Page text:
The consequences of undernutrition on individual mental and physical development are enormous, and this impacts on a country's development and ability to reduce poverty. So poor nutrition is both a cause and a consequence of climate change. We need to act now if we are to stop the consequences of climate change on undernutrition getting worse and to change the poor "globalised" dietary habits that are contributing to climate change. What can we do?

As citizens and food consumers ourselves we can influence the role diets have on aggravating climate change by eating a healthy, sustainable, plant-based diet. While there is still debate on what a sustainable diet would look like, it seems the following simple steps could go a long way to reducing the contribution of poor diets on greenhouse gas emissions and to poor health.

Jonas Gratzer
A Rohingya mother holds her two sons, both suffering from malnutrition, at a camp in MyanmarJonas Gratzer/Getty

1. Eat lots of fruit and vegetables and starchy staples
2. Limit red meat and eat more beans, pulses and nuts
3. Eat a varied balanced diet
4. Limit energy-dense processed foods, including sweetened drinks
5. Eat sustainably sourced fish
6. Eat local and seasonal produce
7. Avoid food waste
8. Drink tap water

Supporting people to make changes

Changes in how society organises the agri-food system are needed to support people to make these changes, such as introducing regulations and legislation like controlling food advertising or fiscal interventions to favour the consumption of healthier, sustainable food and tax consumption of energy dense, nutrient poor foods.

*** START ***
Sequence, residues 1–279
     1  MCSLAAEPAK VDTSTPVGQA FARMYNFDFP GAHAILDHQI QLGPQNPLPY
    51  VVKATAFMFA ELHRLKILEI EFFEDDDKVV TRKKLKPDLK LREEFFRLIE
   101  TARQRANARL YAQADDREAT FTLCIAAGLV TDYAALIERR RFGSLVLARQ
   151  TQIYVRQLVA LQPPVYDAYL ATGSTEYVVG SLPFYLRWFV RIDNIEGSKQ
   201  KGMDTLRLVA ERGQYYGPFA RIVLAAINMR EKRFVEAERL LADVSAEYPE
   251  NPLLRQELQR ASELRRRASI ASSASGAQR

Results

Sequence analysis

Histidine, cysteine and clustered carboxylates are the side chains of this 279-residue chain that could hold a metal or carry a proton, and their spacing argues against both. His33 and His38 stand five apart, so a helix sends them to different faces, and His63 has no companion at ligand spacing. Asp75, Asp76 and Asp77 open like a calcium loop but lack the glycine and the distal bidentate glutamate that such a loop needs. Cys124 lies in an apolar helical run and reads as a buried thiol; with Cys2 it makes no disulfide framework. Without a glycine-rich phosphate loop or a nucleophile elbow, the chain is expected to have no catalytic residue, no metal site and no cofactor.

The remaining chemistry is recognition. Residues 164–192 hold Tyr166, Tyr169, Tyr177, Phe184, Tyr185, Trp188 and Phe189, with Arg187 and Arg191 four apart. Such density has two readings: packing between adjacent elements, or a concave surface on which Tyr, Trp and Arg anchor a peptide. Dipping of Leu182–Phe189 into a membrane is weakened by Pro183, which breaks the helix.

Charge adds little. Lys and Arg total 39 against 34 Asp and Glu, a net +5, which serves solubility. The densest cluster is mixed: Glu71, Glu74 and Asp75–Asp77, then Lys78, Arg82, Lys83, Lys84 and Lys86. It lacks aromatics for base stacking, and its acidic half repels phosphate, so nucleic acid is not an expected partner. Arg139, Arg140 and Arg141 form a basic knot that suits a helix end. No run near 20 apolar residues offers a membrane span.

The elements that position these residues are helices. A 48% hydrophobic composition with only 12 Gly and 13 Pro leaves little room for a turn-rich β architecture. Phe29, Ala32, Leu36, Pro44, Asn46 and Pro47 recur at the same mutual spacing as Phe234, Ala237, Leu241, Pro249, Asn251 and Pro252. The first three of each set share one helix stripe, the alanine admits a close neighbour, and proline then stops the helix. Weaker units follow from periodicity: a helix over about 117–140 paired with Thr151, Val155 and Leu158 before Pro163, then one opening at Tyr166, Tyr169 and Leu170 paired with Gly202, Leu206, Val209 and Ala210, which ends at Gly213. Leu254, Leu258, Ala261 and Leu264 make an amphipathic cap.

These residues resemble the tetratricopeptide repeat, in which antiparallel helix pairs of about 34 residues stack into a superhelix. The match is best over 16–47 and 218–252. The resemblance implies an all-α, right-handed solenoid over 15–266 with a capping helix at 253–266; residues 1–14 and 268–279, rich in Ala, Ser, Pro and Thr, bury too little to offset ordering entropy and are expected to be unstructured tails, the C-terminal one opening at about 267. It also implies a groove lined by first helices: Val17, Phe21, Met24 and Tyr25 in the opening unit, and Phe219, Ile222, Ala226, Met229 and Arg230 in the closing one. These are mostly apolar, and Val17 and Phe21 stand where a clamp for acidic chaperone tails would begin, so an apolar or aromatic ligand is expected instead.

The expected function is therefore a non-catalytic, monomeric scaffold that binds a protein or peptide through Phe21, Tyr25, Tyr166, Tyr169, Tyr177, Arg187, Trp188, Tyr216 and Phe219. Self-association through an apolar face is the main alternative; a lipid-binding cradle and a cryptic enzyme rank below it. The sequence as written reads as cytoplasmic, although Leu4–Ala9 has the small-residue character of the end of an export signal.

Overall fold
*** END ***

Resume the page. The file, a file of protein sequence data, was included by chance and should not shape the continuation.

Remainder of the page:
These can be supported by educational and motivational interventions, such as a front of pack labelling scheme highlighting the nutritional and environmental profile of foods.

What can we do to mitigate against the impact of climate nutrition on hunger and undernutrition?

This will require input from a whole range of actions, including lobbying governments to highlight the links between climate change and hunger to inform policymaking and to make more informed decisions with better climate forecasts.

Ways to help vulnerable people protect themselves from these future climate shocks could include providing support to diversify their sources of income and livelihoods, providing means to protect people's assets and livelihoods with access to insurance services and savings, and furthering initiatives for empowering women.

COP21 is an important opportunity to tackle the impact of climate change on undernutrition, as well as raising awareness of the impact that unhealthy diets have on climate change and health. Garnering support for interventions that create environments that support individuals to change could help shift current behaviours. We have to act now because the scenario that overconsumption of unhealthy diets indirectly causes hunger through changing the climate is a perverse paradox.


Michelle Holdsworth is Professor of Public Health at the University of Sheffield's School of Health and Related Research